31 octubre, 2013

1B AUXILIARY VERBS

2. do 3. isn't 4. do 5. aren't 6. do 7. aren't 8. are 9. do 10. would  11. am 12. are 13. do 14. did 15. did 16. do 17. didn't 18. was 19. couldn't  20. aren't 21. will.

28 octubre, 2013

1A QUESTION FORMATION


a 1. who paid for it? 2. who that man is...? 3. are they going ..? long are they going for? 4. did James come with? did she leave..? 5. How long have Matt and Claire known each other?  did they meet? told you that?

b 2. why Sarah didn't come to the wedding? 3. if/ whether that tall woman over there is Claire's mother? 4. what Molly's husband does? 5. if/ whether I can get a taxi after midnight? 6. if/ whether Claire's sister got married here? 7. they'll be happy? 8. where they put our coats?

26 octubre, 2013

Big screen, small prices

The success of the nationwide Fiesta del Cine event has reopened the debate on ticket costs

23 octubre, 2013

WRITING MODELS FOR ADVANCED

This is a link where you can find models and tips for your writing.

WRITING MODELS FOR INTERMEDIATE

LOOK AT THIS LINK. THERE ARE SEVERAL MODELS FOR YOUR WRITINGS.

21 octubre, 2013

Gradable and ungradable adjectives; position

Suggested adverbs are given.

1.
1.really 2 fairly 3 absolutely 4 totally 5 reasonably 6 dreadfully 7 completely
8 extremely 9 very 10utterly 11 rather 12 entirely.
2. Suggested answers:
2 totally devasted 3 dreadfully disappointed 4 very pleased 5 absolutely furious.
3.
1 small blue Japanese 2large old furnished 3 beautiful wooden coffe 4 powerful combined military 5 fantastic new German 6 wonderful soft woolen 7 small square metal 8 popular outdoor 9 mud and straw 10 famous medical 11 important and urgent 12 boring and depressing.
4.
It’s a rather old building.
The original wooden beams.
flat best for one person.
It’s extremelly comfortable.
garden similar to yours.
Yellow and red flowers.
nice small town.
The traffic is absolutely terrible.
I’m going to be extremely happy here.

Degree adverbs1.
1 too 2 very 3 very 4 too 5 too 6very 7 very.
2.
1 very 2 very much 3 very (much) 4 very 5 very 6 very much 7 very much 8 very
9 very much 10 very 11 very much 12 very.
3.
2 virtually 3 perfectly 4 badly 5 severely 6 enormously.
4.
It’s (1)rather unusual...(2)completely appalled...(3)very difficult...(4)absolutely impossible...(5)totally determined...(6)fairly good... (7)simply useless (8)really different... (9)pretty thoughtful...(10)really brilliant.... (11)fairly likely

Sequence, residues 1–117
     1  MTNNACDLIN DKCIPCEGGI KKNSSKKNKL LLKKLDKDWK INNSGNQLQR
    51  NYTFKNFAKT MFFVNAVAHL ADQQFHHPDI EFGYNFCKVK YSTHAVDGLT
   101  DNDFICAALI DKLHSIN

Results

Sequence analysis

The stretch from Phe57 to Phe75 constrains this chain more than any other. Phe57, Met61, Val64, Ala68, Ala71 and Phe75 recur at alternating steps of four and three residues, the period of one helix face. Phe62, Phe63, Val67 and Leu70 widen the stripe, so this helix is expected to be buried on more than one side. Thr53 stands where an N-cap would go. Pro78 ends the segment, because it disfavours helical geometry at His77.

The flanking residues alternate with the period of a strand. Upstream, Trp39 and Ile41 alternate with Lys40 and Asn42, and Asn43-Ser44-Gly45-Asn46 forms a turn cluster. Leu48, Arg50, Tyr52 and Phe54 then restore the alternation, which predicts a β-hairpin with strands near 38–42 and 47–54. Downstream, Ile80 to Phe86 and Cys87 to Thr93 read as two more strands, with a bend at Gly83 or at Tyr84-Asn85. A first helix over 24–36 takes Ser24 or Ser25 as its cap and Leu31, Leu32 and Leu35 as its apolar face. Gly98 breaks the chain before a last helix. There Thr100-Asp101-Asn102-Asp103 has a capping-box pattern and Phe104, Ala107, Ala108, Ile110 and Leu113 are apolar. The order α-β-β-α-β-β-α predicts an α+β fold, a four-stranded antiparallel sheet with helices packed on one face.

16 octubre, 2013

BEAUTY

4. Metaphor
Listen to the audio 
Macmillan English Dictionary for Advanced Learners.

1. Forcing someone to do something is like putting physical pressure on them, or pulling or pushing them. [p585]
2. Happiness and hope are like bright light or bright colours. Sadness and lack of hope are like darkness or dark colours. [p685]
3. Helping people is like supporting them physically, for example with your body or with something that you build. [p706]
4. Having an opportunity to do something is like having a door or way of getting into a build­ing. [pp1050 and 1051]
5. Being successful is like being high up. Failing is like falling or being low down. [pp1494 and 1495]
6. Wanting something is like being hungry or thirsty, and doing or having something you want is like eating it.[p1676] 

Answers:
1. pressure her
2. her little face light up
3. give a helping hand
4. what kind of doors may open
5. make it to the top

6. lost a taste for it all

11 octubre, 2013

Dr Howard Gardner

The theory of ‘Multiple Intelligences’.


video

Here is the link and the tapescript if you want to listen again:


I began to work simultaneously with children – normal kids, gifted kids, kids with learning problems, and with brain-damaged adults – people who were once fine but who’d had a stroke or a tumour, missile accident.  And the more I spent working with these two populations – it was important that I was seeing kids every day and brain-damaged patients every day - the more I became convinced that, kind of at a gut level, that it was much too simple to say ‘smart, average, dumb’ – that people could be very good in one thing, average in a second thing and not very good in a third.  That’s an intuition that I’m sure has been had by millions of people over the years. 

Um, I think I then did two things which were important academically:  number one I set up a series of criteria to essentially define what the human faculties were, and then I decided –  and I don’t ever remember how it happened - that it was important to call these ‘intelligences’.  If I’d written a book called ‘Seven or Eight or Nine Talents’ and said people could have different kinds of talents, then everybody would say ‘What else is new?’  ‘Cos, we know, there are musicians, there are athletes, there are chess players and so on.  And it was the notion of saying there are eight or nine faculties.  What we usually call ‘smart’ is a conjunction of language and logic, but it doesn’t say anything about spatial ability, about musical ability, about the capacity to solve problems using your hands or your body, about understanding other people, understanding yourself, to be able to make distinctions in the natural world...  Those are different faculties.  And I think what sealed the deal in 1980 was we could find some neurological evidence that the language abilities came from one part of the brain and the musical abilities from a second, and so on.  So, in the early ‘80s I promulgated the theory of multiple intelligences, often called ‘MI Theory’.  You’re kind to say it’s universally adopted.  I would say, it’s universally fretted about...